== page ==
jdg missing

NEW YORK, NEW YORK - OCTOBER 20: Lou "Missing" Yunfeng of JD Gaming competes at the League of Legends World Championship Quarterfinals on October 20, 2022 in New York City. (Photo by Lance Skundrich/Riot Games)

China’s Steady Rise

The rise had been organic, not meteoric, which has given organisers the hope and promise of a staggering ascent. So far, this hope and promise hasn’t been displaced. Much of this spike has come in from viewership, obviously. And for League of Legends, this number from China is massive.

Just imagine this. Without the Chinese viewers, the Mid-Season Invitational’s peak dropped from a few million to 940,000. The viewership for Worlds 2017 final dropped from several million to just about 2 million. These numbers aren’t bad by any means; it’s just a mere reiteration of how huge esports is for China as compared to the rest of the world. So while it’s easy to look at every season’s championship winners and liken their success to the Chinese revolution, this rise has taken a while.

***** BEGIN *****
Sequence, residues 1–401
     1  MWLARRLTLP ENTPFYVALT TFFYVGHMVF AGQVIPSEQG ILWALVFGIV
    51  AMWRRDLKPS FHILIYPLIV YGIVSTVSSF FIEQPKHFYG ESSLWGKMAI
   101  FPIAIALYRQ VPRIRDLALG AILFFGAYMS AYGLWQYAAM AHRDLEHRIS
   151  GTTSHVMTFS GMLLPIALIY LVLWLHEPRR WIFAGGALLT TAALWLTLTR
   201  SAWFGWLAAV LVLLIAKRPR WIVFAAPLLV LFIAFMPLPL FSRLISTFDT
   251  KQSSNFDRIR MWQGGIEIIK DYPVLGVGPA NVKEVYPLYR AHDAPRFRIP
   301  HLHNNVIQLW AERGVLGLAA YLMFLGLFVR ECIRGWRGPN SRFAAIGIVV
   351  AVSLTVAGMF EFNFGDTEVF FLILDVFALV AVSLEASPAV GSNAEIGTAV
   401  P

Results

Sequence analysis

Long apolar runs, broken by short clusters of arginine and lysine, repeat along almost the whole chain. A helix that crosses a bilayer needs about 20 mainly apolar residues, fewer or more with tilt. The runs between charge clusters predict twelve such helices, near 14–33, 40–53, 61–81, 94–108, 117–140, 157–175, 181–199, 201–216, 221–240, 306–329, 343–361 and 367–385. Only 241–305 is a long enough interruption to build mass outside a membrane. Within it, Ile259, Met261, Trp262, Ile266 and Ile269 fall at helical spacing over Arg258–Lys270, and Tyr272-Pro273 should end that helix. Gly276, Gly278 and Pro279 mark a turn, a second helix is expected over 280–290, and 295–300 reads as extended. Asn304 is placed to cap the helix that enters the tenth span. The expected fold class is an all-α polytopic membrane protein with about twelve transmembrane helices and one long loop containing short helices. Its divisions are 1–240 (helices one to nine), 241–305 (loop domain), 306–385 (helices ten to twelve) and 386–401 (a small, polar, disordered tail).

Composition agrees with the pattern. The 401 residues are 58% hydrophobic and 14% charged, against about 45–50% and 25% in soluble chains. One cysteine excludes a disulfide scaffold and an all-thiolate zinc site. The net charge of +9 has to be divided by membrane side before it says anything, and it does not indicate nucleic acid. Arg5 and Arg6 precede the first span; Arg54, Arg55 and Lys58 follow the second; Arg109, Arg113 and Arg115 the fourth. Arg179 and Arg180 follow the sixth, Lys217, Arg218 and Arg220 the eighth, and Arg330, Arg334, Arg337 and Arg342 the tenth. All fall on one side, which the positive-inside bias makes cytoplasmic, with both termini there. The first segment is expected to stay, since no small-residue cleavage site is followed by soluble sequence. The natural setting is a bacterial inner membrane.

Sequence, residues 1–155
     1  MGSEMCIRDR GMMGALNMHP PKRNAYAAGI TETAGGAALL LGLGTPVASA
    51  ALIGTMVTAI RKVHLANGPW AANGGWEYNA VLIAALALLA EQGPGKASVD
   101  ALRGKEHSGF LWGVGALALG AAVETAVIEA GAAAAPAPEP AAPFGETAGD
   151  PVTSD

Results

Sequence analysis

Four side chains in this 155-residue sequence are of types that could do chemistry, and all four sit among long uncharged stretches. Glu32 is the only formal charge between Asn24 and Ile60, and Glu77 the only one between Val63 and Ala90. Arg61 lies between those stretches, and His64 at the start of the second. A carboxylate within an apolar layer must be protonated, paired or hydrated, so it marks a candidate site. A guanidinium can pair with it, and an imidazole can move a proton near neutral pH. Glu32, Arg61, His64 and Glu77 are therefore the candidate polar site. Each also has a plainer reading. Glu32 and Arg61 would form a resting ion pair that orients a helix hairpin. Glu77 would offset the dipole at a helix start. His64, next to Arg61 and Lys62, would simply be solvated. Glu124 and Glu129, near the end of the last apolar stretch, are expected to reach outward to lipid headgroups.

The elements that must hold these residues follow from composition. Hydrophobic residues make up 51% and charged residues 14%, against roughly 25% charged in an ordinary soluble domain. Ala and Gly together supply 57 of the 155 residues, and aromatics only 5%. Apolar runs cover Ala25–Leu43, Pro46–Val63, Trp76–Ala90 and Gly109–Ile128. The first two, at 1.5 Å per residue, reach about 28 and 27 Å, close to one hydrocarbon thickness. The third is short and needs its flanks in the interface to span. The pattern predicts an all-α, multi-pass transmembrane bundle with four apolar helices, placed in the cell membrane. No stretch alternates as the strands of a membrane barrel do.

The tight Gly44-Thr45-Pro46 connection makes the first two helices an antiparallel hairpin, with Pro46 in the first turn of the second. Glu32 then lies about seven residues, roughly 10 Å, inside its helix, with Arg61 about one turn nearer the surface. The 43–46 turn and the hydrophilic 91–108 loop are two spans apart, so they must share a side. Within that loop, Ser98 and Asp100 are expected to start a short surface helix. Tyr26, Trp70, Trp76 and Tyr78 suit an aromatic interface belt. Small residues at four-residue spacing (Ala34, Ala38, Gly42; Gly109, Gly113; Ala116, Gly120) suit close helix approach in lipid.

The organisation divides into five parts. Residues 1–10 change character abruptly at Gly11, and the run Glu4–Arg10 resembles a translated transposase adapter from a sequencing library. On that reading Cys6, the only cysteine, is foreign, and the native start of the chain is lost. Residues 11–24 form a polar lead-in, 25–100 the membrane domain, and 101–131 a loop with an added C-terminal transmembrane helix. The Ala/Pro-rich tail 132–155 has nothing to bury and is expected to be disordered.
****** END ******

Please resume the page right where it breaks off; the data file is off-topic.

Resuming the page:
Another reason for LPL’s massive rise, and in turn China’s, has been their quest for excellence. Even when they burst onto the scene with the LPL making ground quickly to be among the most watched and most-popular leagues, it was clear they were on a collision course with Korea and the LCK for the No. 1 tag. This could’ve made a few leagues cautious, but China embraced this wholeheartedly and left no stone unturned in trying to upstage them.